Mental health: Finding someone to talk to

‘I’ve had a good experience compared to other people’

Karla says she knows she’s been lucky. Her experience of accessing mental health care has been overwhelmingly positive.

“I’ve got two long-term health conditions but it was this year that it became a real issue. In January I did attempt suicide,” she says.

Karla, who lives in Derby, adds: “I got CBT (cognitive behavioural therapy) really quickly, within a couple of weeks. And in that time, I was seeing my GP pretty much every day. He made time to make sure I was OK.

“It doesn’t happen very often that people have that experience. I was really fortunate to have a GP who took the time. The access can be such a problem.”

And she says her CBT made a significant difference. “The therapist helped me through a lot of things. I’m officially in recovery from depression and anxiety. I’m in a far better place.  more

What Does It Mean to Have OCD? These Are 5 Common Symptoms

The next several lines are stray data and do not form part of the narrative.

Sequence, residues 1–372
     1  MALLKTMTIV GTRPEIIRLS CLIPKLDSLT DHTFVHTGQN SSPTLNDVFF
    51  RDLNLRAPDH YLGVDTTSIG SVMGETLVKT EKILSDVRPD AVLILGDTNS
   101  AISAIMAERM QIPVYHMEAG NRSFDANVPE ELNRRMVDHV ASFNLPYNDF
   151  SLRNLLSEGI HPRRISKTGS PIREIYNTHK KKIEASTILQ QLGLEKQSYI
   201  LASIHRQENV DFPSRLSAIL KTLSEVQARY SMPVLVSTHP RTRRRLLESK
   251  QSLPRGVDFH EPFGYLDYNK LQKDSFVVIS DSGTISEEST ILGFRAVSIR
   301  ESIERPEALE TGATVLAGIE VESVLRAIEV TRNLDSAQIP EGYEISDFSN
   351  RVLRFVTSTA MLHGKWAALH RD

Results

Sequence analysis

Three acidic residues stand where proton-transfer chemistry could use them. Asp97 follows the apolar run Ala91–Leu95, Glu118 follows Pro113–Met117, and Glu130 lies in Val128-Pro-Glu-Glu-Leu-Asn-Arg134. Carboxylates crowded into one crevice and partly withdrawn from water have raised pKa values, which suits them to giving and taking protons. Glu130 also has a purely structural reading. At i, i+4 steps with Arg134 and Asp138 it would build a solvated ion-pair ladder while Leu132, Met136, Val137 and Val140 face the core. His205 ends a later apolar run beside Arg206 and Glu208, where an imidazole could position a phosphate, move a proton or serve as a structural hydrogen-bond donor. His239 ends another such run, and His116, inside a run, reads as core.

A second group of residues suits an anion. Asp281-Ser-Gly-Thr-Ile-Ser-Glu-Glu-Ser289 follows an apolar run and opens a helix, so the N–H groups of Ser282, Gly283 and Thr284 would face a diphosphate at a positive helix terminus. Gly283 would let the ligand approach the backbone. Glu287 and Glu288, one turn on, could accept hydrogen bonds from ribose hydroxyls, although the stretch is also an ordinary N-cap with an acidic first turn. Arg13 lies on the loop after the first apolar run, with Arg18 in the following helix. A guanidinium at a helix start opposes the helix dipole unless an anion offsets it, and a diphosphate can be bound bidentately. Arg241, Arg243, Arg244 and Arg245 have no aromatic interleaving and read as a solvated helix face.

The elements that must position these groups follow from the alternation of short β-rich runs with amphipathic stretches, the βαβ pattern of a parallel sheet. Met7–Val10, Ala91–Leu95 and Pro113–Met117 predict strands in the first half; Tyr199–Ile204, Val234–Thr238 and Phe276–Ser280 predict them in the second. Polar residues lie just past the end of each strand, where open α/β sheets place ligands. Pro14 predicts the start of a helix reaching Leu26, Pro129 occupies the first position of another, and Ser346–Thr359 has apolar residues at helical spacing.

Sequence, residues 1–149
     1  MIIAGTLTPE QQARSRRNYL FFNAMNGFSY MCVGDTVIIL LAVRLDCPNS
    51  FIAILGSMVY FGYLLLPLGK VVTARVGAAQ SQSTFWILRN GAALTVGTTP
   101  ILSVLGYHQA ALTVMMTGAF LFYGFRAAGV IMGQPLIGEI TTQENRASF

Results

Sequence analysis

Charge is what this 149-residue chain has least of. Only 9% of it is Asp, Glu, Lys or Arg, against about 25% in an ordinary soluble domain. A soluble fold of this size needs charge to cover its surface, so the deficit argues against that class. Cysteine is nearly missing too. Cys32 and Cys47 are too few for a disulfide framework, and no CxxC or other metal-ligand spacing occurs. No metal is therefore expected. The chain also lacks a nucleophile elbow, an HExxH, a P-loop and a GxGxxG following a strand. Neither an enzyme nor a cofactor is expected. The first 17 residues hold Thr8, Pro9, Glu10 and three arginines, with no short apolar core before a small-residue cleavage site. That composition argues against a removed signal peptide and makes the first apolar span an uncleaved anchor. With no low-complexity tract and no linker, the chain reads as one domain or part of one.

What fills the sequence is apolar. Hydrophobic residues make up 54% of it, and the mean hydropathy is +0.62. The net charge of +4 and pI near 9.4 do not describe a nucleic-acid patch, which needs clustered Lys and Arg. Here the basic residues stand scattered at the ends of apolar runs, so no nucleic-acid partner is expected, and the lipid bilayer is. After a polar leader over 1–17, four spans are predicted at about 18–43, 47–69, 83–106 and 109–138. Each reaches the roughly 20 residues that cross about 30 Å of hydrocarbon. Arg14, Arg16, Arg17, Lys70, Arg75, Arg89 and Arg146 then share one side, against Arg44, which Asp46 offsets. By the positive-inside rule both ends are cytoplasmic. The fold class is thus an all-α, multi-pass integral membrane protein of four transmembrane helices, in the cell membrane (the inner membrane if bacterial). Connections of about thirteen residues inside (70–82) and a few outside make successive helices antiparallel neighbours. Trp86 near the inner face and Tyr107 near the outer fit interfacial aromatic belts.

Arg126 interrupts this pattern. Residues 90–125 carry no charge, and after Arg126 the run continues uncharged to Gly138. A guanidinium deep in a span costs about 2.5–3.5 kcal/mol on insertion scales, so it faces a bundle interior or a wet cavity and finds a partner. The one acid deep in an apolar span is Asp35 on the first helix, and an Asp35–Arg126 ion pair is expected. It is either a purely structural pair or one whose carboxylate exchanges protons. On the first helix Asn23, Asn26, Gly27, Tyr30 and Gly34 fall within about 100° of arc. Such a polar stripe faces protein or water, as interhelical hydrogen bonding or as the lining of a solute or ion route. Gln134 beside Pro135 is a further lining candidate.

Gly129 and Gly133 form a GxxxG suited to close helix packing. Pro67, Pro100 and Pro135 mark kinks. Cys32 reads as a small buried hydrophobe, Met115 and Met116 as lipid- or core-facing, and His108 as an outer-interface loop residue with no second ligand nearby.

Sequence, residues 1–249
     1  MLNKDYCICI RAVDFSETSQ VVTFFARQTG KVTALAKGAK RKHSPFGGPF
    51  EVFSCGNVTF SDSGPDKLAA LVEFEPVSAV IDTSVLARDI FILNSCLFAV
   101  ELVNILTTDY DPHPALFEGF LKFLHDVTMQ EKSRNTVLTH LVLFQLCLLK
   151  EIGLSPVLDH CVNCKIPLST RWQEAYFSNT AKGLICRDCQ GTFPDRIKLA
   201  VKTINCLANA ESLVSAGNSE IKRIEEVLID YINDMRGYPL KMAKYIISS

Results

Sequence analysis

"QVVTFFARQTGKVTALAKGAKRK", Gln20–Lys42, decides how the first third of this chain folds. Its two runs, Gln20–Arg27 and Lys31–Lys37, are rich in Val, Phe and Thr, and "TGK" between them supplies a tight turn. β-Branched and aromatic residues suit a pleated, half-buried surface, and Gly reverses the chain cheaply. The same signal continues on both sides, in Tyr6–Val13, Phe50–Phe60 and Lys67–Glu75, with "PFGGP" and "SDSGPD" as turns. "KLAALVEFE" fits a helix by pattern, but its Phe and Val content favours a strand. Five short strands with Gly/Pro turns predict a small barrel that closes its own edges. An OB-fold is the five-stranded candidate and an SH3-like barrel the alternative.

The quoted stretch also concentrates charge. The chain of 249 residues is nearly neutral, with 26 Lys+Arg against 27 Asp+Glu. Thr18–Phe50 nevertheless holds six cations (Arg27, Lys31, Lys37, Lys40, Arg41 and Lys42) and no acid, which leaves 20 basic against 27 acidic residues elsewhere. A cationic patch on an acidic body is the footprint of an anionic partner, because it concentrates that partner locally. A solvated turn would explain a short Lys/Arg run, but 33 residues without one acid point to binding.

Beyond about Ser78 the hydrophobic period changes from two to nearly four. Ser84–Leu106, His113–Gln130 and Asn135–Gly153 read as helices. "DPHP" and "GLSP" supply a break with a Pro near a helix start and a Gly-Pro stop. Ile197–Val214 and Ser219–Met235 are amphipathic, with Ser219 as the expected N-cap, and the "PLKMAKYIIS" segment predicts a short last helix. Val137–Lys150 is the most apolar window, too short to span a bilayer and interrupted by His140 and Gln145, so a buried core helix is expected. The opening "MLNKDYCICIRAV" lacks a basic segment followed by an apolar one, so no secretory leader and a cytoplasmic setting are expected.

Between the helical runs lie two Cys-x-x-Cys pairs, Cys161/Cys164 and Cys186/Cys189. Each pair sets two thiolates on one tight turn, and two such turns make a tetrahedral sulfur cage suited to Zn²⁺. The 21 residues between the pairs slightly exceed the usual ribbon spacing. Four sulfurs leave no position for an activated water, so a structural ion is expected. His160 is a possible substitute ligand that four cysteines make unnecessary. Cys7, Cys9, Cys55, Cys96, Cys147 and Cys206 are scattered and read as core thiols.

Having obsessive compulsive disorder (OCD) isn’t easy. The condition, marked by uncontrollable thoughts and behaviors, strikes about 2% of the general population—a figure that in the U.S. alone means nearly 6.5 million people. If you’ve made it past young adulthood without developing any symptoms, you’re likely in the clear.

You wouldn’t know that to hear people talk, however. In recent years, OCD has become the psychological equivalent of hypoglycemia or gluten sensitivity: a condition untold numbers of people casually—almost flippantly—claim they’ve got, but in most cases don’t. Folks who hate a messy desk but could live with one for a day do not necessarily have OCD. Nor do those who wash their hands before eating but would still have lunch if there was no soap and water nearby. Yet the almost sing-songy declaration “I’m so OCD!” seems to be everywhere.  more